Place a conical flask on a piece of paper with a cross on it. Add hydrochloric acid and sodium thiosulphate, and record the amount of time taken for the cross to disappear through the solution from the top of the flask. Record this time and repeat this for different concentrations of hydrochloric acid.
The variables in this test are:
The concentration of hydrochloric acid
The concentration of sodium thiosulphate
The amount of hydrochloric acid
The amount of sodium thiosulphate
The surface area of the reactants
The size and colour of the cross
The size of the conical flask
To keep this test fair the concentration of the hydrochloric acid will be the variable that will be changed and all of the others will be kept consistent. The same person must do the timing and watch the cross through the top of the flask, because different people have different reaction times. The concentration of acid used will be: 1.0M, 0,8M, 0.6M, 0.4M and 0.2M.
The apparatus for the test is:
A 100ml conical flask
A piece of paper with a black cross drawn on it
2 measuring cylinders one 10ml and one 25ml
Using the particle collision theory, I predict that the less concentrated the acid the slower the cross will disappear. This is because in a more concentrated solution there will be more hydrochloric acid molecules, which means that there will be more collisions between the hydrochloric acid molecules and the sodium thiosulphate molecules.
After completing the test once, the results were as follows: Concentration of Hydrochloric acid (molarity)Time taken for cross to disappear (seconds) 1.045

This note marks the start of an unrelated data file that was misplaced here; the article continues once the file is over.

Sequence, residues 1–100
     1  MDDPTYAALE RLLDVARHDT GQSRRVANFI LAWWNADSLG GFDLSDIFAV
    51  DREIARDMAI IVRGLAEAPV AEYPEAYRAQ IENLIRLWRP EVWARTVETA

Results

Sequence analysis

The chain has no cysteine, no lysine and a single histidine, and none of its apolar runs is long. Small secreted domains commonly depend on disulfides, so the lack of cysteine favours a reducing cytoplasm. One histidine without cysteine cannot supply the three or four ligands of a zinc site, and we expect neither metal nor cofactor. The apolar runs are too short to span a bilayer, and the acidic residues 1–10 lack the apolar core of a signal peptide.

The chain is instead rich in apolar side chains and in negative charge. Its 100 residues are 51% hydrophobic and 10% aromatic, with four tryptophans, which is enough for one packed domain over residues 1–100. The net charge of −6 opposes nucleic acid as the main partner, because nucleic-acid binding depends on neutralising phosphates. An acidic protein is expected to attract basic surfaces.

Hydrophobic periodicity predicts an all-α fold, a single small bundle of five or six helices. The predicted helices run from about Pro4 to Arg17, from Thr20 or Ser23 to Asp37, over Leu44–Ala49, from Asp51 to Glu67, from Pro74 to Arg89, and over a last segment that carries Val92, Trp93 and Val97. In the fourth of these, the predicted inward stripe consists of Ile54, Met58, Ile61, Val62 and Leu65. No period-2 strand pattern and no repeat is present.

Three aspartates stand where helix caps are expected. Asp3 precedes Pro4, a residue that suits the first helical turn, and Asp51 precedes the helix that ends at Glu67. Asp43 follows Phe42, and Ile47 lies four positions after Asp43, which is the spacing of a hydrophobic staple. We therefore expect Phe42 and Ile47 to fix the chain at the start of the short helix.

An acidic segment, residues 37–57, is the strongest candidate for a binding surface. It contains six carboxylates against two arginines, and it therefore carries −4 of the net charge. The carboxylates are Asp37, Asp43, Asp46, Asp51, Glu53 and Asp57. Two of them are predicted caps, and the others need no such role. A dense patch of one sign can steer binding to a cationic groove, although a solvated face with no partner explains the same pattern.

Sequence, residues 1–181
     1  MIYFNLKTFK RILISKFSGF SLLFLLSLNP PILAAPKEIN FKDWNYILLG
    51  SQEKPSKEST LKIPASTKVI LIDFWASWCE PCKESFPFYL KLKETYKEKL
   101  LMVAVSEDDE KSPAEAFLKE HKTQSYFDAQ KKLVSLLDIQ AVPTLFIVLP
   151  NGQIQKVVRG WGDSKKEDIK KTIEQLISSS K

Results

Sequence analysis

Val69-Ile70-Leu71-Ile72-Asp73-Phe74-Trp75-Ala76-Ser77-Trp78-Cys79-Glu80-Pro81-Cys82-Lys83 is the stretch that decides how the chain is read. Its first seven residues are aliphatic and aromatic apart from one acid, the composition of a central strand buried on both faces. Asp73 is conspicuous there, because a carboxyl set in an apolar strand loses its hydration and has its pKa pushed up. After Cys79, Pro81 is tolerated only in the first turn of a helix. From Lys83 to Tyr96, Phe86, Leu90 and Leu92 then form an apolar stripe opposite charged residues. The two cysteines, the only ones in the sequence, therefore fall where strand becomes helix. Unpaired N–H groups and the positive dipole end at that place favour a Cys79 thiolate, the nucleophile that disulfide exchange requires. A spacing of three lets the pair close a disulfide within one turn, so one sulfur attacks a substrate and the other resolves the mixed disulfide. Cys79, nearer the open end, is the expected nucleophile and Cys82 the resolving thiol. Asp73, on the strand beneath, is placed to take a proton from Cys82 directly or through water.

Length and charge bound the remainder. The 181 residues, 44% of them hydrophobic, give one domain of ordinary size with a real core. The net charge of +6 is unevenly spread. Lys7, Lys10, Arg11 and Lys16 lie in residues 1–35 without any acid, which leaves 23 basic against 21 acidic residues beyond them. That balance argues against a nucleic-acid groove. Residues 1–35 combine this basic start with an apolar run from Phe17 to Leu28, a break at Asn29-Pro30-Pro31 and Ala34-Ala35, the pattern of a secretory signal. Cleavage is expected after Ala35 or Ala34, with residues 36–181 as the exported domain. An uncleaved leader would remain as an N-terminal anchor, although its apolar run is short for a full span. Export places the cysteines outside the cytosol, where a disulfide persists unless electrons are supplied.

These results show that, when the acid reaches 0.6M, the rate of reaction does not change, no matter how much more concentrated you make the acid. This means we must modify the experiment. We will now keep the concentration of hydrochloric acid the same at 1.0M and change the concentration of the sodium thiosulphate. We will dilute it with water, and use the following concentrations: 0.20M
By doing this, we should be able to get a more accurate set of results. This will be repeated three times at each concentration.
Place a conical flask onto a white piece of paper with a black cross drawn on it. Pour 20ml of hydrochloric acid into the flask.
Measure out 10ml of the selected concentration of sodium thiosulphate; prepare the stopwatch and start it as the sodium thiosulphate is added to the hydrochloric acid. Stop the stopwatch when the cross is no longer visible from the top of the flask. Repeat this 3 times for each chosen concentration of sodium thiosulphate.
My prediction remains the same, but the weaker the concentration of sodium thiosulphate, the longer the cross will take to disappear.
From the new experiment, we got the following results:
Concentration of sodium thiosulphate (molarity)Time taken (seconds)Rate of reaction (1/time taken) (to 2 significant figures) 0.20M280.036
Concentration of sodium thiosulphate (molarity)Average time taken (seconds)Average Rate of reaction (1/time taken) (to 2 significant figures) 0.20290.035
The results show that the rate of reaction decreases when the sodium thiosulphate is less concentrated. From the graph we can see that as the concentration decreases, the time taken increases. The gradient...